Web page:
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Weetabix is a whole grain wheat breakfast cereal produced by Weetabix Limited in the United Kingdom. It comes in the form of palm-sized (approx. 9.5 cm × 5.0 cm or 4" × 2") rounded rectangle-shaped biscuits. Variants include organic and Weetabix Minis (bite-sized) versions. The UK cereal is manufactured in Burton Latimer, Northamptonshire, and exported to over 80 countries. Weetabix for Canada and the United States is manufactured in Cobourg, Ontario, in both organic and conventional versions.
Weetabix is made from whole grain wheat and the version sold in the United Kingdom has 3.8 g of fibre in a 37.5 g serving (2 biscuits) (10.1% by weight). The product sold in Canada and the U.S. has 4 grams of fibre in a 35 g serving (11.4% by weight).
Produced in the UK since 1932, Weetabix is the British version of the original Australian Weet-Bix. Both Weet-Bix and Weetabix were invented by Bennison Osborne, an Australian. Weet-Bix was introduced in Australia through the company “Grain Products Limited” in the mid-1920s, with funding from businessman Arthur Shannon and marketing assistance from Osborne’s New Zealand friend Malcolm Macfarlane. To both Osborne’s and Macfarlane’s disappointment, Grain Products sold both its Australian company (in 1928) and then its New Zealand company (in 1930), to the Sanitarium Health Foods Company. Osborne and Macfarlane then went to South Africa where Arthur Shannon, the owner of Grain Products, funded another Weet-Bix factory. While in South Africa, Osborne modified his Weet-Bix recipe and with Macfarlane, obtained private funding and began the development of a new company, The British and African Cereal Company Limited, naming the new company's product, Weetabix. The company commenced business in England in 1932 in an unused gristmill at Burton Latimer, near Kettering. In 1936, the name of the company was changed to Weetabix Limited.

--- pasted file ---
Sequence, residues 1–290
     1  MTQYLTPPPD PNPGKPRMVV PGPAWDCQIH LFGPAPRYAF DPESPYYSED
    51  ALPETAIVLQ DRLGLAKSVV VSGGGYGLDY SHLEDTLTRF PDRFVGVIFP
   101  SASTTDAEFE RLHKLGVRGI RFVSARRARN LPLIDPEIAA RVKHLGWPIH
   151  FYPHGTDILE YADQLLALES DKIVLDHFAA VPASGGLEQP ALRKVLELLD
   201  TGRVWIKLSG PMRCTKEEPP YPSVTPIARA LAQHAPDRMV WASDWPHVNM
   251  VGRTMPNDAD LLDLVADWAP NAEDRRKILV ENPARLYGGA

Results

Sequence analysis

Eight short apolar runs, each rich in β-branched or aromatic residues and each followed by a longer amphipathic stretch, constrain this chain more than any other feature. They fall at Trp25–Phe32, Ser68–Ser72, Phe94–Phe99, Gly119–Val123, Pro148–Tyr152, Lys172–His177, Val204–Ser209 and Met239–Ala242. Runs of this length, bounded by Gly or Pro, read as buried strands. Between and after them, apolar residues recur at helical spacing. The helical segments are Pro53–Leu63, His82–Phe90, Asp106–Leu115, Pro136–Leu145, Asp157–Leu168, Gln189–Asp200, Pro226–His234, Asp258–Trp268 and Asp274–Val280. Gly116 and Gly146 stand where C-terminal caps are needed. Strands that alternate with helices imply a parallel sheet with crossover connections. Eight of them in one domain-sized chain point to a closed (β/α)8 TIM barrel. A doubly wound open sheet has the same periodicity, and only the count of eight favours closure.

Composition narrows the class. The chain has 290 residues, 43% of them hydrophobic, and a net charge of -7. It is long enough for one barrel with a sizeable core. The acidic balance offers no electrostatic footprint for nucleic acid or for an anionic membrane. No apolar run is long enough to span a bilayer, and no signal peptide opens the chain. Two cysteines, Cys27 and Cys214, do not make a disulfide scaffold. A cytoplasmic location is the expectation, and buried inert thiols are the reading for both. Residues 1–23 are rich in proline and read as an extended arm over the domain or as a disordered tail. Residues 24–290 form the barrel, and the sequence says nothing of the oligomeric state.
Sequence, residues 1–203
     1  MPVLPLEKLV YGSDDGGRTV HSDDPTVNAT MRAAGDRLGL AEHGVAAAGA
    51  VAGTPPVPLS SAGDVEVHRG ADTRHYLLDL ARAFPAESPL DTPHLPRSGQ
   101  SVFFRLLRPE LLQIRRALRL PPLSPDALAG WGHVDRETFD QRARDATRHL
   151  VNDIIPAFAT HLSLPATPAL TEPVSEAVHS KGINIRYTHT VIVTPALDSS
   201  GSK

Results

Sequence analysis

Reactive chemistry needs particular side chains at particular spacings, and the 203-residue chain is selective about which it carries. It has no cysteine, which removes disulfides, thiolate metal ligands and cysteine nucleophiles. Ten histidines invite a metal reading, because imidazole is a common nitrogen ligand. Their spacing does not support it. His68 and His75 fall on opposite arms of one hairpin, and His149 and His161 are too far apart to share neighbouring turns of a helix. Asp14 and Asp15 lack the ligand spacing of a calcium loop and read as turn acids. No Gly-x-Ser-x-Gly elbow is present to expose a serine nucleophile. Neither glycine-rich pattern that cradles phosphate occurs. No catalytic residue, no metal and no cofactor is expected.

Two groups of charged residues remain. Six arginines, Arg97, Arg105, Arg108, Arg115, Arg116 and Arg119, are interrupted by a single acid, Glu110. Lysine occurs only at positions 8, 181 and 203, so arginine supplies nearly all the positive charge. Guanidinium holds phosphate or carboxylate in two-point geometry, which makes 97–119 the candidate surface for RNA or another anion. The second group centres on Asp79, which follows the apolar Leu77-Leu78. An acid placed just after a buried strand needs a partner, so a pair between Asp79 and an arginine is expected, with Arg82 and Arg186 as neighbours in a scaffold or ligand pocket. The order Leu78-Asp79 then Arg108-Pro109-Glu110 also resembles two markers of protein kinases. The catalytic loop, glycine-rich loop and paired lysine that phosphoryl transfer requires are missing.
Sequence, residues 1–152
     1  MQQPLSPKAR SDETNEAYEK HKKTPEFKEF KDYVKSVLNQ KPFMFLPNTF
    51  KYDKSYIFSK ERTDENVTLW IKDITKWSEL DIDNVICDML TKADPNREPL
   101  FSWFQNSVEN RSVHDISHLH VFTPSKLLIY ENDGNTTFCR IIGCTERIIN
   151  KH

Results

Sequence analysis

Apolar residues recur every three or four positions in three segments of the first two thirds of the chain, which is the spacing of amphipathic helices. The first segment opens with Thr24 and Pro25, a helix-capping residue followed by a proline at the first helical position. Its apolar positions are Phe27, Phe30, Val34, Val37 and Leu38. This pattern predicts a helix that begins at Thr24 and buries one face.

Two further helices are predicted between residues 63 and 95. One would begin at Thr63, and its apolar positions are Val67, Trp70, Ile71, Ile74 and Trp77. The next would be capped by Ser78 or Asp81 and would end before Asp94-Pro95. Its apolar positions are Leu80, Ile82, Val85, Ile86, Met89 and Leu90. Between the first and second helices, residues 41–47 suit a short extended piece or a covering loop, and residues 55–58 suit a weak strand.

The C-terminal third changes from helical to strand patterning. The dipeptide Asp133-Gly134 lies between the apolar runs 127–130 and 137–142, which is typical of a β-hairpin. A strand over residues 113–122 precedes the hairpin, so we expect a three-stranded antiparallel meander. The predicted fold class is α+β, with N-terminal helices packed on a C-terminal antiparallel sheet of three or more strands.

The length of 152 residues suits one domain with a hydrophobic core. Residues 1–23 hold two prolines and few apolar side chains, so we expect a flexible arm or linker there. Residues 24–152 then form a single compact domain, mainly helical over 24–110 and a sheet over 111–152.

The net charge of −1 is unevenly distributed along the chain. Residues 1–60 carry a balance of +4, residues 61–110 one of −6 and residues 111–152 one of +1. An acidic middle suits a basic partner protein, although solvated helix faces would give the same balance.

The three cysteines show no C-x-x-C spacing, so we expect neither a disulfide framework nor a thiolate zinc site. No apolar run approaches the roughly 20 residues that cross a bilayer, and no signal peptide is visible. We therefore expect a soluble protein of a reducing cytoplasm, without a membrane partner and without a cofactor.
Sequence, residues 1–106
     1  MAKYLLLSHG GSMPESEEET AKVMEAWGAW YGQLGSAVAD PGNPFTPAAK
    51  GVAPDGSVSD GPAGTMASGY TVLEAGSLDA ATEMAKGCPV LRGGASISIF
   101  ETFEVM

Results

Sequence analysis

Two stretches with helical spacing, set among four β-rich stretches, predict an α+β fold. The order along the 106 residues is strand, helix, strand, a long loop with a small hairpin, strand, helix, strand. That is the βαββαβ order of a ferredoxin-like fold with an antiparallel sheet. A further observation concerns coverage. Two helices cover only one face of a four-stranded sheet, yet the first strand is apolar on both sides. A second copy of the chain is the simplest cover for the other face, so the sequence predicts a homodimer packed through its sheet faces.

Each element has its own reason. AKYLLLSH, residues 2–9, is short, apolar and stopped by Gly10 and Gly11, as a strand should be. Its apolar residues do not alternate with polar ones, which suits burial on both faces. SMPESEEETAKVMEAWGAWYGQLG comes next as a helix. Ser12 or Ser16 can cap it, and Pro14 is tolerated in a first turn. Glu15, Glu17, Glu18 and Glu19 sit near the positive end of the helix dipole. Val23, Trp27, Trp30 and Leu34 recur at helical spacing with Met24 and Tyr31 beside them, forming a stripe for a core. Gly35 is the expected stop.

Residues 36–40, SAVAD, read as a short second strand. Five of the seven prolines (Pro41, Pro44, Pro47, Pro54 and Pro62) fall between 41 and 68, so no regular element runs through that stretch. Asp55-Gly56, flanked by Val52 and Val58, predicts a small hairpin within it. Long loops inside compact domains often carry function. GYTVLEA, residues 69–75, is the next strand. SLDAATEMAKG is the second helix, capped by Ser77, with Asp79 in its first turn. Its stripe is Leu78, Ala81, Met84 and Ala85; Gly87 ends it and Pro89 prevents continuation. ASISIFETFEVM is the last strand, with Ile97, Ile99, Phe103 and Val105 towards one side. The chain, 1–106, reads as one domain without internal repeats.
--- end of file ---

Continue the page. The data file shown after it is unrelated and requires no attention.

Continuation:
Weet-Bix is currently marketed in Australasia by Sanitarium and South Africa by Bokomo. The product was introduced to Canada in 1967, when Weetabix Limited began exporting the product to Canada. The United States followed in 1968.
On May 3, 2012 Bright Food announced it was taking a 60% stake in Weetabix in a deal that values the company at £1.2bn. Baring Private Equity Asia acquired the remaining 40% from Lion Capital in 2015. On 18 April 2017, it was announced that Post Holding would buy the company from Bright Food.
In British advertising in the 1980s, Weetabix anthropomorphized the biscuits, representing a group of 'street-wise' young teens, beginning as 'skinheads'. Their appearances on the packaging and associated publicity featured catch phrases such as "titchy breakfast cereals" to describe rivals, with the response "Neet Weet Mate", "OK!". The lead Weetabix was voiced by Bob Hoskins.
During the 1990s, the brand was advertised with the slogan "Have you had your Weetabix?', based on the idea that someone who had eaten Weetabix would be filled with unbeatable strength and energy, causing those who oppose them to flee out of self-preservation. This was used to humorous effect in a variety of adverts re-imagining the outcome of fairy tales and historic events. In 2017, the campaign was reintroduced, with a reference to the English fairy tale Jack and the Beanstalk. The giant states: “Fee fi fo fum, I smell the blood of an English man”, with the boy responding: “Fee fi fo fix, I’ve just had my Weetabix”, resulting in the giant quickly leaving the room.
Weetabix was the title sponsor of the Women's British Open golf tournament for two decades, from 1987 until 2006. It became a women's major golf championship in 2001.
In 1981, Weetabix aired an advertisement entitled 1, which showed a big "1" as a crop circle-like figure in a field.